I'm looking at Rotten Tomatoes' rating for "The Words" and wondering if they saw the same movie I did.
Less than 20 percent of nationwide critics liked this tale of a struggling author who wins acclaim by using a manuscript found in an antique shop.
It's tempting to speculate on why so few cared for "The Words" - but perhaps I should explain why I liked it.
Above, this film image released by CBS Films shows Nora Arnezeder, left, and Ben Barnes in a scene from “The Words.” Below, Bradley Cooper and Zoë Saldana are seen in another scene from the film.
Loved it, actually.
Granted, the plot seems simple and predictable; but the tale of Rory Jansen's publishing success unfolds in framework fashion: It's the plot of a book being read aloud by an older author named Clay Hammond (Dennis Quaid); after a while, one suspects that Hammond has based the Jansen story on his own life.
In this story-within-a-story, Jansen (Bradley Cooper) is eventually accosted by an older man (Jeremy Irons) who actually wrote - and then lost - the manuscript Jansen used; this older man tells Rory how he wrote the book in post-WWII Paris.
So "The Words" has four overlapping storylines: (1) Hammond reading and discussing (2) his book about Rory Jansen, who learns (3) the old man's tale about writing (4) a novel called "The Window Tears."
The script develops a tapestry of connections between these stories - and several challenging questions - that would take a 10-page essay to unpack.
Each main character - Hammond, Jansen and the old man - has created a scenario that may or may not reflect the actual truth; and each faces various situations in which he must choose between fiction and reality.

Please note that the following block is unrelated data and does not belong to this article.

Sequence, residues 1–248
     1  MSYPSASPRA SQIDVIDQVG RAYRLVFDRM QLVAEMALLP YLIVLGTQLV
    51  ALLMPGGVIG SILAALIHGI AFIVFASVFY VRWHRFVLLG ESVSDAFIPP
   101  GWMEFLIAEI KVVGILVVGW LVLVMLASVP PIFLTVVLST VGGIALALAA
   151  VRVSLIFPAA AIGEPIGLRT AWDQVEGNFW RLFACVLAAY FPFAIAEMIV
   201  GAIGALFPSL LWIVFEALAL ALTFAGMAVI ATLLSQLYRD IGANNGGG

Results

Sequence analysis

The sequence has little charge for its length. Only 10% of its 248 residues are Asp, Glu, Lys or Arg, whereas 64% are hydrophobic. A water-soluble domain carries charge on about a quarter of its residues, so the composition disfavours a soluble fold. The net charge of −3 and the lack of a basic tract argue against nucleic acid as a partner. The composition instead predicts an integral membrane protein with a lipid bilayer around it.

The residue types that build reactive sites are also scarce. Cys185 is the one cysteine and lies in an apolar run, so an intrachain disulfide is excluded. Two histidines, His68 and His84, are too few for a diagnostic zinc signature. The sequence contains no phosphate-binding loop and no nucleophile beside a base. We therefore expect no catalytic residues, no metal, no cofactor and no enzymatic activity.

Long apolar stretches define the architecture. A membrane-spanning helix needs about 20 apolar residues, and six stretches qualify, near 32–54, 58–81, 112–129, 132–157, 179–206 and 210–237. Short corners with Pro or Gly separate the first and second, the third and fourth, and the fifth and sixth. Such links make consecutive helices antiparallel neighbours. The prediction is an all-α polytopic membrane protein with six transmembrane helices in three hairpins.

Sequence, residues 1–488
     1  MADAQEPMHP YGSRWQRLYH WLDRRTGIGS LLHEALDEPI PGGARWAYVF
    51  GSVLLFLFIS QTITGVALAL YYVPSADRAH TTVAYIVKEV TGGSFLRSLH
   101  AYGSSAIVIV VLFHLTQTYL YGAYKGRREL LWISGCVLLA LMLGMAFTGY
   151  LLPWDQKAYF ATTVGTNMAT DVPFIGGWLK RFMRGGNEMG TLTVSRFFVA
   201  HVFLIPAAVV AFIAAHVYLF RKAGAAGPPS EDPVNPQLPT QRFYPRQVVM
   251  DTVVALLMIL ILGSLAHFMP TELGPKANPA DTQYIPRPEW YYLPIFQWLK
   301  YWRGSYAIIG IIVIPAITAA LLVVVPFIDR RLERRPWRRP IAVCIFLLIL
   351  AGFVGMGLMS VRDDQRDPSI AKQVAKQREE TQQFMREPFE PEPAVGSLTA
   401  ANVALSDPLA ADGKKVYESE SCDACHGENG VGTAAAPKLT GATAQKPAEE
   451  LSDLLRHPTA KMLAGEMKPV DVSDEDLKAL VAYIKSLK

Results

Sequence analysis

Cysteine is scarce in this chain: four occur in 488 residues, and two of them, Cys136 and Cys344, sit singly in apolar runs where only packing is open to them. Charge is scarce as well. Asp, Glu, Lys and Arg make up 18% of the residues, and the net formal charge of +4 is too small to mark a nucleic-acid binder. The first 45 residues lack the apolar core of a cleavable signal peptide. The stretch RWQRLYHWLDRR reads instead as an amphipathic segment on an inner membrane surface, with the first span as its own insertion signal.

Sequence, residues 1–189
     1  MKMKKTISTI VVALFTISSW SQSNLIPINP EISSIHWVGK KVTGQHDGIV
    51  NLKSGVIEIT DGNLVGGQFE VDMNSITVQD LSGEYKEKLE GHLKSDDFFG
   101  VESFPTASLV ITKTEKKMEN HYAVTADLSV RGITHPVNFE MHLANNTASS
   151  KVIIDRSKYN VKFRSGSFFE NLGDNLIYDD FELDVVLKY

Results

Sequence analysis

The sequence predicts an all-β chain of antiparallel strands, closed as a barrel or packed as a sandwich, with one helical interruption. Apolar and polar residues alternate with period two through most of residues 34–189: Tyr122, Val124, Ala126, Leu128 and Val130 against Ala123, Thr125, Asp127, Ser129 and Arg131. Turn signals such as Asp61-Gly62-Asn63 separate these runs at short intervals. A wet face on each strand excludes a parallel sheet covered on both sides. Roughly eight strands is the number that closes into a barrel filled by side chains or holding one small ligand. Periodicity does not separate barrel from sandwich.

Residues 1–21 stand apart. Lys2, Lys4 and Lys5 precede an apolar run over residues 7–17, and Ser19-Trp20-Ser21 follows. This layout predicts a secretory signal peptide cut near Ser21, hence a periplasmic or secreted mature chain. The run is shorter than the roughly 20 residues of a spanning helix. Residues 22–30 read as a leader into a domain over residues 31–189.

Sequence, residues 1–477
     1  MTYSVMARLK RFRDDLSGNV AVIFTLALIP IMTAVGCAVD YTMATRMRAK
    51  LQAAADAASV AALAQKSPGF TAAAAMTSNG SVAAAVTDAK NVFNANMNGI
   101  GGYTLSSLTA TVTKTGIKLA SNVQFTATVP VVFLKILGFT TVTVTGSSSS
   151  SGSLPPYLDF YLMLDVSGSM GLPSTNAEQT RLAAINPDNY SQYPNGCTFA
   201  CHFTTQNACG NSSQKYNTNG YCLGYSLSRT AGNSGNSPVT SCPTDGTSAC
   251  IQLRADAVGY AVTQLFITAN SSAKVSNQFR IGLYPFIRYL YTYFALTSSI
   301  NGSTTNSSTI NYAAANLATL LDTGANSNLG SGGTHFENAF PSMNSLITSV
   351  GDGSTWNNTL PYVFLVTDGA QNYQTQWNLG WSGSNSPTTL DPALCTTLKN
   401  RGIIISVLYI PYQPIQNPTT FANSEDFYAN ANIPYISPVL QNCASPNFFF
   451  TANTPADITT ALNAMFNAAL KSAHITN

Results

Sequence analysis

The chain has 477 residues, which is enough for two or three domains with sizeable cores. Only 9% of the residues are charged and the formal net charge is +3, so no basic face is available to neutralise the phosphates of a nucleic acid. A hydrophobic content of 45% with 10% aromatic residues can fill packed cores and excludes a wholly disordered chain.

This choice is never easy because - despite what Hammond claims - the divide between fact and fiction isn't clear.
Yet such a choice is crucial; in Jansen's case, he is wracked with guilt for choosing to propagate a lie as truth.
At the same time, the film's women - two young wives, plus a student crushing on Hammond - must also choose between life and art (though I suspect the student is a make-believe character that Hammond created to help process his problems).
Some of this is reflected in the famed book's title: the "window" between reality and fantasy sometimes "tears" (a notion supported by the movie's use of actual windows).
At the same time, there's a strong underlying theme about processing crises and bad decisions. All this merely scratches the surface in a film that requires constant reflection on issues both moral and aesthetic.
"The Words" features a spectacular performance from Quaid, plus terrific work from Ben Barnes and Nora Arnezeder in the Paris flashbacks.
It's also nicely photographed; indeed, the film's only drawback is that the writing in both its lauded books (Hammond's and the old man's) comes across as boringly pedestrian.
Other than that, it's a quiet, thoughtful change-of-pace from the usual box-office noise; I'm grieved that so few seemed willing to play with the interlocking pieces of its complex puzzle.